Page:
Musk, however, has been making moves to anger Twitter users since he took over. From removing verified accounts to creating the current version of Twitter Blue, and most recently, imposing limits on how many posts you can read per day (he cites the reasoning as to “address extreme levels of data scraping and system manipulation,”) Twitter users have been threatening to leave for some time now. In a sick sense of irony, both “Twitter Killer” and “Threads” are trending on Twitter.

Can You Delete Your Threads Account?

Threads reposting

If you try and decide you don’t want to buy into Threads, theoretically, you can deactivate your Threads account: go to Settings, Account, Deactivate Profile. But this is only a temporary solution. Your old posts, comments, and likes will still exist, but will be hidden until (or if) you decide to reactivate the profile.

If you want to wipe your profile clean, you would have to also delete your Instagram profile. Meta claims it is “working on” a way to allow users to delete Threads separately from Instagram. It’s likely in the company’s vested interest, however, not to permit this. And it’s probably (though I can’t verify this) something that can be easily done. But this option may only be implemented if there’s enough pushback from users who believe they should have the freedom to leave Threads if they so choose without removing their already established Instagram presences.

What’s It Like Using Threads?

Threads posts

I have been using Threads for the last 24 hours, and I can see its appeal. It’s simple and so far, seems to be fulfilling Meta’s desire to create a space for positive discourse. With that said, it has only been 48 hours+ since the service launched. It takes time for the hate, vitriol, negativity, false information, and “fake news,” to begin to disseminate, the trolls to rear their ugly heads, and the bots to appear. It takes even longer to try and curb that, and once it begins, it’s almost impossible to rein in. Already, in my first day, I have seen a post by someone saying they blocked their first person.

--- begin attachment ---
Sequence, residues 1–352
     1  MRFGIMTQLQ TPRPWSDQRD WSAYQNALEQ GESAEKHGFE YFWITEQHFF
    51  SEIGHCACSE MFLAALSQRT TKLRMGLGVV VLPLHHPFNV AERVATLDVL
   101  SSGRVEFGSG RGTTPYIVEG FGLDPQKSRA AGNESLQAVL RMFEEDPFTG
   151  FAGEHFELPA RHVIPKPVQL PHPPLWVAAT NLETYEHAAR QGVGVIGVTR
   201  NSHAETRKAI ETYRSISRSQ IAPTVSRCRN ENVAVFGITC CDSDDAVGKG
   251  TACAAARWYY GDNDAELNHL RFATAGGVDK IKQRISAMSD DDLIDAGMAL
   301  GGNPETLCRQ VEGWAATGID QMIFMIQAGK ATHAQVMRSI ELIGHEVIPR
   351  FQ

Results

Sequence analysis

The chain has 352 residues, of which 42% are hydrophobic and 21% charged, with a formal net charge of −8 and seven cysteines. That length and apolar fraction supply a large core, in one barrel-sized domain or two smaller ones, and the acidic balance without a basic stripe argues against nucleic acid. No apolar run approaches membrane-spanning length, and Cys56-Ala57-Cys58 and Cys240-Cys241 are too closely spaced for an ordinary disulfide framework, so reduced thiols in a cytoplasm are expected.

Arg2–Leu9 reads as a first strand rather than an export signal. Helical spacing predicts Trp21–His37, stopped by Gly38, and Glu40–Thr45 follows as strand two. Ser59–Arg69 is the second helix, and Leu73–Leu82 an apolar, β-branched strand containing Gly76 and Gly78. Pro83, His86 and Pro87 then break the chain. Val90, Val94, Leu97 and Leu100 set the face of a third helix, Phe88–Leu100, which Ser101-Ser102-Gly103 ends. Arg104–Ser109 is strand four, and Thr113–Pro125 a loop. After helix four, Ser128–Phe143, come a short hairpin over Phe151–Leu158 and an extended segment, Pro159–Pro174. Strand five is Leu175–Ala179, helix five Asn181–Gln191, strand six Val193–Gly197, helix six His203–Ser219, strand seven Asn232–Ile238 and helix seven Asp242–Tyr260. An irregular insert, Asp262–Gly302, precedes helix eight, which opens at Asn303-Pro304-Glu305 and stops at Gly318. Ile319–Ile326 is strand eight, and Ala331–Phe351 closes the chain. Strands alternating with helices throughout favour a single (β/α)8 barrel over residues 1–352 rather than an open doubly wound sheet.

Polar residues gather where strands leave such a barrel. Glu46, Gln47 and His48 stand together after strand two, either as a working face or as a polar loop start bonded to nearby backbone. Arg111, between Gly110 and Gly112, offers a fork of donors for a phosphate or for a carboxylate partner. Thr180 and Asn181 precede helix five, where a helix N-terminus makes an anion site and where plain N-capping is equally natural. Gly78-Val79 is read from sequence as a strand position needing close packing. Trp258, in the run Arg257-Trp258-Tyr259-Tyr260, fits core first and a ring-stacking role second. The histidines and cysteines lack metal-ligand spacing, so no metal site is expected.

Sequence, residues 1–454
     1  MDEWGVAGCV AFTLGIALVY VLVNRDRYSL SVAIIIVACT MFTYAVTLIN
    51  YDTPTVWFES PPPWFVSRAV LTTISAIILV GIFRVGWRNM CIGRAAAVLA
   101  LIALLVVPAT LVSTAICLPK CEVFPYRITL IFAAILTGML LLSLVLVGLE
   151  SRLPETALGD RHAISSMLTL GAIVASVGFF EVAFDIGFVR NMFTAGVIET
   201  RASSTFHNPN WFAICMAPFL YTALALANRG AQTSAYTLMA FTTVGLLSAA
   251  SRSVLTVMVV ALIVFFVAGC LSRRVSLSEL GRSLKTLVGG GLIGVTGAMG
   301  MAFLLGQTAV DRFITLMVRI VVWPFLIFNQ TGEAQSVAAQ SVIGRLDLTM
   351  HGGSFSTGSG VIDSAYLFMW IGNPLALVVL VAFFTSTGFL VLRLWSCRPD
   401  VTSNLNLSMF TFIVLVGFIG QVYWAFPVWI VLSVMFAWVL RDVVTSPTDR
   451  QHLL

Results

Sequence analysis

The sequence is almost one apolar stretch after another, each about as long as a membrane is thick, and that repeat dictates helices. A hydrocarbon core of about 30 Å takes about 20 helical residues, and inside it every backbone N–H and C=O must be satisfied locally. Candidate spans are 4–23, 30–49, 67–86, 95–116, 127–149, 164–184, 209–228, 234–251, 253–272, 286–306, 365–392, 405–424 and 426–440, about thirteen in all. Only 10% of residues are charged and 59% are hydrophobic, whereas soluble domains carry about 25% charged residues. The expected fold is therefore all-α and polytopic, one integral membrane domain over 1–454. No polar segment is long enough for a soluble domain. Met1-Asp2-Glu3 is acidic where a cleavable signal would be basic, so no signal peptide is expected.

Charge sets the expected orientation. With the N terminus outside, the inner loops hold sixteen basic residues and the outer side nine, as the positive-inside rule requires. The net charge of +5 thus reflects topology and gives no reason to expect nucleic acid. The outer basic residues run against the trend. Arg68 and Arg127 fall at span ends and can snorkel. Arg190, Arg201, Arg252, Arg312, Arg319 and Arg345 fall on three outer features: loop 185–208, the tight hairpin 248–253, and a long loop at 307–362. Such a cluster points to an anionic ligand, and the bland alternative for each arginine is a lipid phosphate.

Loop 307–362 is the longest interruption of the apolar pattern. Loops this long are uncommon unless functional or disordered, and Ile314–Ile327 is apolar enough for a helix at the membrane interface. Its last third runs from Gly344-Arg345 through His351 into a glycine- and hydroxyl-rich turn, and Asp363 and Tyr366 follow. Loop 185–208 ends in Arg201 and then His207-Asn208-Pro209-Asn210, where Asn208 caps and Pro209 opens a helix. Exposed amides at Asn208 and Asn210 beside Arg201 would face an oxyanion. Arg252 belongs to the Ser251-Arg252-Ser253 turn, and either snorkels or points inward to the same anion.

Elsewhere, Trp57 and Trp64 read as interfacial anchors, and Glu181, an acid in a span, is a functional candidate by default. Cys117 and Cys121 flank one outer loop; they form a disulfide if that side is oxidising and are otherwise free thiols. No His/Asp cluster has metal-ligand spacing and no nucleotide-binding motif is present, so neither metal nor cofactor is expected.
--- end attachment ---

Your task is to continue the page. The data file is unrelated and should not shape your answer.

Should You Use Threads?

It’s easy to get sucked into Threads, but this is because it’s fresh. I only follow 106 accounts (so far) compared to the 690 I follow on Twitter (some have already coined the playful term “Thread Count” for your number of followers). The site isn’t as busy, the interface clean, and overall, it’s not overwhelming. That said, it’s easier to cut through noise when you haven’t yet opened the floodgates to it in the first place.

I admittedly haven’t used Twitter as much as I should in years. Like many other social sites, I was a big user at the height of its popularity, and slowly started posted less frequently, especially when trying to divide time among the growing number of other social sites like Facebook (as a Gen-Xer, I am one of the old fogies who still uses it!), Instagram, and LinkedIn. (For some, that includes TikTok, Snapchat, and others as well).

I might be furiously using and posting to Threads now. But how long until I get tired of that, too? Time will tell. For now, Threads is proving to be a viable challenger to Twitter at a time when that social platform is at its most volatile and vulnerable. Threads is weaving its way into the fabric of online social culture. Should we be able to wrap our heads around it, and a larger number of users decide that enough is enough and leave Twitter (though they’ll need an Instagram account if they don’t already have one to get on board with Threads), we might get tied up in this site, too. If there’s one thing Zuckerberg knows how to get right, at least in this particular instance, it’s timing.